People talk about how gold “crashed” in 2008, but in 2009, investors flowed into gold as one of the top safe haven assets of choice. Here are the details…
from Zero Hedge
In the decade since Lehman’s failure, investors – many of whom were replaced by algos, robots and other “passive investing” allocating automatons – have been plagued by doubts about what is now the longest bull market on record over fears that the artificial recovery – built on the back of trillions in liquidity created by the world’s central banks – could come crashing at any moment, but seeing no other options were forced to allocate capital to various strategies and themes over the years.
The following chart from Bank of America succinctly summarizes the biggest flow trends since the global financial crisis, the chief of which is the well-known shift into Passive investing and away from Active, which has seen no less than $2.5 trillion in flow reallocations…
… as well as the two “Great Rototations”, including $2.2 trillion into bonds versus $0.7 trillion into equities.
As for the flow winners since 2008, according to BofA’s Michael Hartnett, these are shown in the chart below and “illustrate investor desire for safe haven (cash, gold), yield (EM debt, MLPs), growth (tech) & QE (banks & Japan) themes.”
Which brings us to today: how are investors positioned now?
According to the latest flow data fro BofA, the market is increasingly long cash – which makes sense in light of the Fed’s ongoing rate hikes, US stocks, IG bonds, crude:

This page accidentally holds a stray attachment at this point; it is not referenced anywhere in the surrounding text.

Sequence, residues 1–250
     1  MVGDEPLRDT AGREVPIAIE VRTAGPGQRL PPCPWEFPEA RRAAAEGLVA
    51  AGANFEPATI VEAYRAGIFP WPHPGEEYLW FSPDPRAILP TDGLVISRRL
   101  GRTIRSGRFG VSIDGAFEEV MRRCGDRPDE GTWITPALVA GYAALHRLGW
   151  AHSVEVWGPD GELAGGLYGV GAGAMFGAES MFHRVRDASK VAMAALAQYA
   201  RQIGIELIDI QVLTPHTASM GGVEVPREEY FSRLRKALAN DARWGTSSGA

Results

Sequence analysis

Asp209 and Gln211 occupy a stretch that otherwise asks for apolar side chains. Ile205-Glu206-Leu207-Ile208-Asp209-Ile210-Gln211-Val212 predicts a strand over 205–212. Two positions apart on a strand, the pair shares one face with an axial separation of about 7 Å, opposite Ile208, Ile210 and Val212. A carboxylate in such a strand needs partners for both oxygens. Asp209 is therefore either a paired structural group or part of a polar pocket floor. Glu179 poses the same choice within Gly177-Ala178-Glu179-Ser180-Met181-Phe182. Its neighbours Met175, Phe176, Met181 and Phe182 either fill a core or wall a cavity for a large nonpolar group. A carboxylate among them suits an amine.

BofA’s CIO writes BofAML private client allocation to Tbills highest since Sept ’08, Fund Managers are overweight stocks more than 1 standard deviation above norm, while in credit IG bond inflows have risen to $56bn YTD, and the recent ramp in the commodities means that WTI crude futures are net long +1.8sd versus history.
What does the market not like? Investors are short gold, Treasuries, EU equities, and junk bonds:
Specifically, the private client gold ETF asset allocation has dropped to just 0.9%, a new low; at the same time Treasury futures have hit a net short of -2.6sd versus history; across the Atlantic, EU equities have seen $57 billion in redemptions in the past 6 months; while junk bonds have suffered from $48 billion in outflows YTD.
Finally, BofA presents the top pain trades: it writes that bearish price action & positions say September pain trade is up via EU & EM stocks; while inflation & China say Treasury bears to be disappointed.